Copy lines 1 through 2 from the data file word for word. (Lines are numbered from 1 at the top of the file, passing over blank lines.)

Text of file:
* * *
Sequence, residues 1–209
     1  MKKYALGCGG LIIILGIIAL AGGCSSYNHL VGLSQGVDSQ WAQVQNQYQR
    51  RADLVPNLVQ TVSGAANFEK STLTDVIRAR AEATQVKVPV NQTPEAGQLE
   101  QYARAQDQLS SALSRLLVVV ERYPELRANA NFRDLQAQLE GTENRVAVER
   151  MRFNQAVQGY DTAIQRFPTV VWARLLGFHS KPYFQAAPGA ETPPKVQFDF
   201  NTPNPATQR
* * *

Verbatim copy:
Sequence, residues 1–209
     1  MKKYALGCGG LIIILGIIAL AGGCSSYNHL VGLSQGVDSQ WAQVQNQYQR